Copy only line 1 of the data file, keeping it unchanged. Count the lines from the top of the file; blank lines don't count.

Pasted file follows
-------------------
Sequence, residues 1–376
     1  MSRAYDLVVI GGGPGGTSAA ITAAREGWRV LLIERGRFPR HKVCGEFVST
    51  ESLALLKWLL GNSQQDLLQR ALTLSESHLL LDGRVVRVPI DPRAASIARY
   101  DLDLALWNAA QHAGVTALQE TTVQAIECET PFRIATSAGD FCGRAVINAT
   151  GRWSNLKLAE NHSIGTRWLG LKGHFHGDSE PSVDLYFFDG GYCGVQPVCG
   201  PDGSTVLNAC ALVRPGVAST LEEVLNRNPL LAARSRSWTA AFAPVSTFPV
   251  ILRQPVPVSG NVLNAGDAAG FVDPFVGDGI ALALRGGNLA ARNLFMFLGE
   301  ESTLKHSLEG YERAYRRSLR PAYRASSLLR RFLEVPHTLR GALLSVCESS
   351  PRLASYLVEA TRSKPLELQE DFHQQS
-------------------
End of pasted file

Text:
Sequence, residues 1–376